My great-grandmother Hinda Walfisz was born in 1854 in Żychlin, a town near Kutno and perhaps 100km from Warsaw. Before World War II, its Jewish residents (the first of whom settled in the 16th century) comprised as much as 60% of the population. None returned after the war. Many were shot by the Nazis; others were moved into ghettos and then to the death camps. Today, Żychlin has about 10,000 residents, including descendents of prewar Catholic families and others who migrated to the town after the war.

My guides where local historians Henryk and Agnieszka Olszewski. Pan Henryk emphasized to me that local history is his passion, but that he is an amateur (his word). I found him through his blog in which he documents his ongoing discovery of historical information about the town. Henryk’s wife Agnieszka said she couldn’t avoid becoming interested in history through her husband. She took the lead when describing the places we visited, while pan Henryk talked more about the supporting documents he has found through the people he has met, in Polish archives, and online.


Henryk and Agnieszka, Żychlin historians

From the very beginning, pan Henryk stressed to me that Jews and Christians lived well together. There were no pogroms in Żychlin. He drove us through former Jewish neighborhoods to the synagogue, Jewish cemetery, and World War II ghettos.

Former Jewish homes

Former Jewish homes

The synagogue is in a neglected part of town, surrounded on two sides by the backs of buildings. The roads here have not been resurfaced in a long time. They have ruts and holes, and one paved with rounded stones probably dates back a hundred years. Pani Agnieszka explained that all the buildings around there used to be owned and occupied by Jews. Now they belong to the town and are rented. It doesn’t look like anyone bothers to maintain them. For instance, the wall of one house has a wide crack, windows are old, and plaster is falling off walls. Residents looked out at us from behind curtains and doorways.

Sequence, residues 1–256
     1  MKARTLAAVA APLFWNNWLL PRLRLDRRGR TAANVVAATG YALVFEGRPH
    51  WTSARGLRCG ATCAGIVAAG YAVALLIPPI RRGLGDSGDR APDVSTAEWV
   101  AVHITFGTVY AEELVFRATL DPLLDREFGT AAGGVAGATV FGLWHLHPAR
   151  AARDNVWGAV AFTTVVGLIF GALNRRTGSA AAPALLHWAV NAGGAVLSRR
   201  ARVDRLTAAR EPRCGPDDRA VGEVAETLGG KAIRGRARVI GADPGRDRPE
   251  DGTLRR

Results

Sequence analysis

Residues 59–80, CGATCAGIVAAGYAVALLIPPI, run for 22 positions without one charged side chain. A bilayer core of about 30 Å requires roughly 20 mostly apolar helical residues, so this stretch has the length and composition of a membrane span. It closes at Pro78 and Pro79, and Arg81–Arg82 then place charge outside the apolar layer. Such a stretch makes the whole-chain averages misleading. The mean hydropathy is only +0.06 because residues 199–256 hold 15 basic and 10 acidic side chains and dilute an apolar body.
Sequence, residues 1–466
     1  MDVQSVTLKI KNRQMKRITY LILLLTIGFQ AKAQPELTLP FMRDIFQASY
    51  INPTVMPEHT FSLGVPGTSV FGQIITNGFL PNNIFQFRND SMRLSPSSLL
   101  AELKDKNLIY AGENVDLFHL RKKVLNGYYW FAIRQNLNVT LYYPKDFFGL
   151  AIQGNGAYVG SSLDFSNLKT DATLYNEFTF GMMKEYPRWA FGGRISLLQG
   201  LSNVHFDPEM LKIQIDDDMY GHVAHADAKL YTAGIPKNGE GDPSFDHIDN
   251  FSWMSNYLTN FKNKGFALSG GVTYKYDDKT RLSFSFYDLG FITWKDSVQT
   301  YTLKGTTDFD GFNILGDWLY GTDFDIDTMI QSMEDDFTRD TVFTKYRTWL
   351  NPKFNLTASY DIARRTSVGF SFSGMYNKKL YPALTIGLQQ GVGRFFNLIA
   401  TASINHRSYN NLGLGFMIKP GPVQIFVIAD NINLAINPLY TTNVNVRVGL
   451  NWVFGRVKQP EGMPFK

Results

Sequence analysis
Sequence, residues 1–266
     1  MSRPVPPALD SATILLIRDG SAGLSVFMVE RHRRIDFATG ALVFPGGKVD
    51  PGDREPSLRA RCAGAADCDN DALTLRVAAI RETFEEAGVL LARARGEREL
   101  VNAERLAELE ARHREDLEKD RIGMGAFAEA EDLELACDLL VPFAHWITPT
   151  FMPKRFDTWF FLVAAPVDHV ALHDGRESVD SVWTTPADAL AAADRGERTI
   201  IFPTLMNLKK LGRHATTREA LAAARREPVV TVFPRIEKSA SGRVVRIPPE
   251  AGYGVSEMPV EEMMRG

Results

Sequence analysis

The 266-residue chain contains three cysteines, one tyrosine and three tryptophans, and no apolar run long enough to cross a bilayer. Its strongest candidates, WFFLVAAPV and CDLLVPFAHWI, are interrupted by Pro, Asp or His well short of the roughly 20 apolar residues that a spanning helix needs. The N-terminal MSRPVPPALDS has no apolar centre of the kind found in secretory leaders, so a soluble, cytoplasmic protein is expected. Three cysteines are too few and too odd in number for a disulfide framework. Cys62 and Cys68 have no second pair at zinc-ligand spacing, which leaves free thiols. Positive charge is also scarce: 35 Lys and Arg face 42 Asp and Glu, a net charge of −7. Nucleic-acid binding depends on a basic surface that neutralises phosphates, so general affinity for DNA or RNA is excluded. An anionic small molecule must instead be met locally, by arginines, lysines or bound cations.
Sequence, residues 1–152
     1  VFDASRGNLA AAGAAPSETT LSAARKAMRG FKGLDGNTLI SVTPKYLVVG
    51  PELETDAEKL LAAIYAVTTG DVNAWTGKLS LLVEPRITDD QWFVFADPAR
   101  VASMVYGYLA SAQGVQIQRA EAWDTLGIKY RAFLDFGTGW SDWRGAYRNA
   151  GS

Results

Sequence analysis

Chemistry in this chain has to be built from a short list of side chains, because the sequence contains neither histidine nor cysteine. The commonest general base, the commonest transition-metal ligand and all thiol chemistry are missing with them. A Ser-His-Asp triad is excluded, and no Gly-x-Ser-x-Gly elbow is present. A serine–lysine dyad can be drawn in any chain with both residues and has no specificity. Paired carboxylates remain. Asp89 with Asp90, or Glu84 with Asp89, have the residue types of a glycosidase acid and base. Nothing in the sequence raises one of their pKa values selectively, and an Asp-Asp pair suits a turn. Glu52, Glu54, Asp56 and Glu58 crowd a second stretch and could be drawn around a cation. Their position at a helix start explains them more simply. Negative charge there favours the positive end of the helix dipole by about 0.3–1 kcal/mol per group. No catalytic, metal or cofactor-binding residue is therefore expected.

Żychlin synagogue

The synagogue was used by the Nazis as a warehouse. They bricked up all but the tops of the long arched windows. For many years after the war, a state cooperative continued to use the building as a warehouse, but now it stands abandoned. The roof fell in five or six years ago. Pan Henryk said one day there was a loud crash as it just collapsed. Until recently, the wooden babiniec (2nd floor where women sat) was still held up by metal beams, and the wall paintings were still intact in places. But only a few fragments of paint survive today, barely visible through the gaps where the windows used to be.


Little is left of the interior paintings

The salvageable metal and wood were carted away. “You know how it is,” pan Henryk explained. The fate of the remaining walls is uncertain. Pan Henryk says the Jewish Community gave it to the local government after the roof fell in, but they have no money to renovate it, nor can they tear it down because it’s protected as a historic site. For now, it seems fated to continue to deteriorate along with the homes and roads around it.